Upcoming parliamentary elections in Tajikistan look to be democratically contested, unlike the presidential election three months ago. RFE/RL corespondent Bruce Pannier reports that international monitors have reported few campaign violations, and say they will look closely at the vote count.
Prague, 10 February 2000 (RFE/RL) -- Tajikistan's upcoming elections to the lower house of parliament, or Majlisi Namoyandagon, will be the first since the civil war ended three years ago. So far, the campaign stands out among Central Asian elections as a truly contested race.
During the civil war, which lasted from 1992 to 1997, the supporters of President Imomali Rakhmonov fought against a coalition of opposition forces known as the United Tajik Opposition, or UTO. This month, the two sides are battling again -- but for ballots, not territory.
Both the United Nations and the Organization for Security and Cooperation in Europe, or OSCE, signed onto the 1997 Tajik National Peace Accord as guarantors of the peace. Under that agreement, both organizations are required to observe the elections to parliament, just as they were bound to observe the election for president.
The UN has had an observer mission in Tajikistan for nearly six years. Ivo Petrov, head of the mission, says work is in progress to prepare for election day:
"The United Nations and the OSCE have a joint special mission in Khujand and Kurgan-Tyube to make contact with the election commissions there and see if they are meeting election standards."
Close monitoring is a clear necessity for the February 27 vote. Tajikistan's presidential election three months ago was a democratic disaster. Even though the UN and OSCE worked with election officials, the November election fell far short of expectations.
The chief reason for the failure was that all three of President Rakhmonov's opponents were barred from the race less than a month before the balloting. One of the three was finally approved as a candidate by the Central Elections Commission, but he publicly stated on the eve of the election that he was not running.
Rakhmonov ended up winning with 97 percent of the vote. Tajik officials had promised a free and democratic race -- as they are promising for this month's general elections -- but the embarrassing results spoke for themselves.
One person still not convinced that the parliamentary elections will be fair is United Tajik Opposition leader Said Abdullo Nuri. He says more than international observers is needed. Nuri wants some of his own people, opposition supporters, at polling areas and in tabulation centers.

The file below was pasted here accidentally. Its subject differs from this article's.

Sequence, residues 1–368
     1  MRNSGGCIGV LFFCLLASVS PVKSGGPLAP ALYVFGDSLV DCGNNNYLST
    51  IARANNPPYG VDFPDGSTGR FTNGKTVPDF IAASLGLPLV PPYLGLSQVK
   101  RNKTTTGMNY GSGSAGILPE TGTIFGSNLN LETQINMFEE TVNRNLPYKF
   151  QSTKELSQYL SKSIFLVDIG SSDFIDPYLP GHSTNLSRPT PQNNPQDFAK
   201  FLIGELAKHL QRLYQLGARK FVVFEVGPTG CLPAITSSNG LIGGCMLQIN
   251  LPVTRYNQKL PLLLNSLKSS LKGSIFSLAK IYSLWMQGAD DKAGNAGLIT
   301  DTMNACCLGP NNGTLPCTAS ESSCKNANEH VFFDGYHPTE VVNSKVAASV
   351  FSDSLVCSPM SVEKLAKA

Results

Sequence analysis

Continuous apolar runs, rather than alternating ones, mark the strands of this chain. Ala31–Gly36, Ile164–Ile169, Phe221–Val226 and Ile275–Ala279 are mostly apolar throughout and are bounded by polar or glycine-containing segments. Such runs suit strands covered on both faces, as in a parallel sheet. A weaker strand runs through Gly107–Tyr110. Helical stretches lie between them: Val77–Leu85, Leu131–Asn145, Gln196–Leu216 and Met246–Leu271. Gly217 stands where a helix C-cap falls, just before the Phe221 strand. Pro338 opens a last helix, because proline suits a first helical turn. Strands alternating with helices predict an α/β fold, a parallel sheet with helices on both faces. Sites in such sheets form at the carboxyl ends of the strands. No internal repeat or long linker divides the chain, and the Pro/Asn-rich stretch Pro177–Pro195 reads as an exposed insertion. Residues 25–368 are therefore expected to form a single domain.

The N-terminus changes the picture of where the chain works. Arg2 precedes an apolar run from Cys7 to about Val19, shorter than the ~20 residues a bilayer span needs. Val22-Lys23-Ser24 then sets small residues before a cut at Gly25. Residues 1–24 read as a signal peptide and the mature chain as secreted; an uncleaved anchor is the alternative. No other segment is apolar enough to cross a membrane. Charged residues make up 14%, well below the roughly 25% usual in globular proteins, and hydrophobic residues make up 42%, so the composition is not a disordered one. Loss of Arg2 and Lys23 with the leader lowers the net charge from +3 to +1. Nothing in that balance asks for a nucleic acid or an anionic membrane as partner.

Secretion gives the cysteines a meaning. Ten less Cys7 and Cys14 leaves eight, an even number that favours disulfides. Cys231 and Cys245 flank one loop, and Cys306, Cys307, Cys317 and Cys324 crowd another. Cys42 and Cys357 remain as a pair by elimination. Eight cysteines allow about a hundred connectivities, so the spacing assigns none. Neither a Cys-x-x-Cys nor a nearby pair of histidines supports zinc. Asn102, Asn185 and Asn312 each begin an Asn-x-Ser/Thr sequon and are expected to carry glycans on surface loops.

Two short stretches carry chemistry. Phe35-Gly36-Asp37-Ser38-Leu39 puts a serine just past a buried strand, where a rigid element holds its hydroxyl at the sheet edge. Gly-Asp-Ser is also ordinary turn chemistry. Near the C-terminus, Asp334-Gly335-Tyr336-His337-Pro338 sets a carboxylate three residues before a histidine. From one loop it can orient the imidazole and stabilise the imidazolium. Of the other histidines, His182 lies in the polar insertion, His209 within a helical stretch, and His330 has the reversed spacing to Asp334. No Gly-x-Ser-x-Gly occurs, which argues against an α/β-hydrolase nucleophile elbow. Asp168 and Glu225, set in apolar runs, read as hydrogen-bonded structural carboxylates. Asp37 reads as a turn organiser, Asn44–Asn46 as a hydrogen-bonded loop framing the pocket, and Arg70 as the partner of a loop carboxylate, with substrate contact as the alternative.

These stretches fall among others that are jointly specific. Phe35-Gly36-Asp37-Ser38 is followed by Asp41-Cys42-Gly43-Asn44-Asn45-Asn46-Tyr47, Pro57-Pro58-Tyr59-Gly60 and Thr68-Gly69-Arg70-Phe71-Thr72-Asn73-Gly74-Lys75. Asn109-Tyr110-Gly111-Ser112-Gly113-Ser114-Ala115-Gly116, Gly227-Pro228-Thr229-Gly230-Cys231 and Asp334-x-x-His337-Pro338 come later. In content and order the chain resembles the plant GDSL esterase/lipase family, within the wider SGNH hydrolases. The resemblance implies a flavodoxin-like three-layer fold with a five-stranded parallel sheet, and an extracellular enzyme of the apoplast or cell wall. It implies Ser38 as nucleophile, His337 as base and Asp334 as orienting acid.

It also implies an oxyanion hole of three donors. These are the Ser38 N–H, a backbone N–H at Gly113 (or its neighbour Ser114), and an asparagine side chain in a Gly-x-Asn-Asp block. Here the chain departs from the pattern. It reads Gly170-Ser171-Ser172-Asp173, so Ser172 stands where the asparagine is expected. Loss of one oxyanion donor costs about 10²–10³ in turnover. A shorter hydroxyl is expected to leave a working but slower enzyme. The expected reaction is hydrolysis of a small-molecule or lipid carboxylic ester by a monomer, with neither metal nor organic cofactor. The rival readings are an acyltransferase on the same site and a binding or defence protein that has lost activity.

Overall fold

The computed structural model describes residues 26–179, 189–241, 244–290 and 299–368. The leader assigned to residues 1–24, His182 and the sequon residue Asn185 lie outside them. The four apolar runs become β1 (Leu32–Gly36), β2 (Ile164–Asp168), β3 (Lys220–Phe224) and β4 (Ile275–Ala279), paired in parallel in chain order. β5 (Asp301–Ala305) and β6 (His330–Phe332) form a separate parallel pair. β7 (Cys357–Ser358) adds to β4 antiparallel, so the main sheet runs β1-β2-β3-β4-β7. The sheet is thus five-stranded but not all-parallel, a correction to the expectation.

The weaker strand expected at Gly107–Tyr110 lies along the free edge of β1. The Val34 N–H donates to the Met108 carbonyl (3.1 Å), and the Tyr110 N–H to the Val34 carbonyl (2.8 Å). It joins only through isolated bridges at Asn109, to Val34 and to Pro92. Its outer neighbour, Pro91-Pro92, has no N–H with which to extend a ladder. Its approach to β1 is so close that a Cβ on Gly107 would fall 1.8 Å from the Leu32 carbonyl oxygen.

"If our representatives, our observers are at election polling areas and if they can normally monitor, all the problems will be solved and we are sure we can take a worthy place in the parliament of our country."
A few days ago, Nuri said he expects his Islamic Renaissance Party, one of the parties in the opposition bloc, to take one-third of the 63 seats in the lower house. But that will be difficult, since there are 108 candidates from six parties running for seats by party list and another 223 running as independents in single-mandate districts.
Tajik political analyst Samariddin Asolzoda says that the actual balloting, not the campaigning, is the most likely source of potential election violations. Asolzoda said: "Every one of our voters needs to have his ballot counted and not falsified or destroyed. In these elections, there may be problems due to ignorance [about how to cast a ballot] among voters -- especially the elderly -- or violations among those [voting by absentee ballot from] outside the country. It is also possible that one person may vote [illegally] for an entire family."
These kinds of violations are common not only in Tajikistan, but throughout Central Asia.
Many Tajik candidates say they fear widespread ballot falsification, especially because some election officials have expressed support for specific candidates or parties. Such practices were among the OSCE's complaints about various elections last year in Kazakhstan, Turkmenistan and Uzbekistan, as well as in Tajikistan.
Compared with Kyrgyzstan, which is holding its elections to parliament (Feb. 20) one week before Tajikistan, the Tajik parliamentary electoral process so far has gone well. In Kyrgyzstan, there are already complaints about unfair treatment toward opposition parties. And the same was true in the run-up to Kazakhstan's parliamentary elections in October.
In Tajikistan, by contrast, opposition parties and their members have only complained about possible violations based on prior experiences. In fact, the Tajik general elections offer a new prospect for the area: Anyone may win -- that is, as long that the campaign continues this way for the remaining two weeks.
(Salimjon Aioubov of the Tajik Service contributed to this report.)
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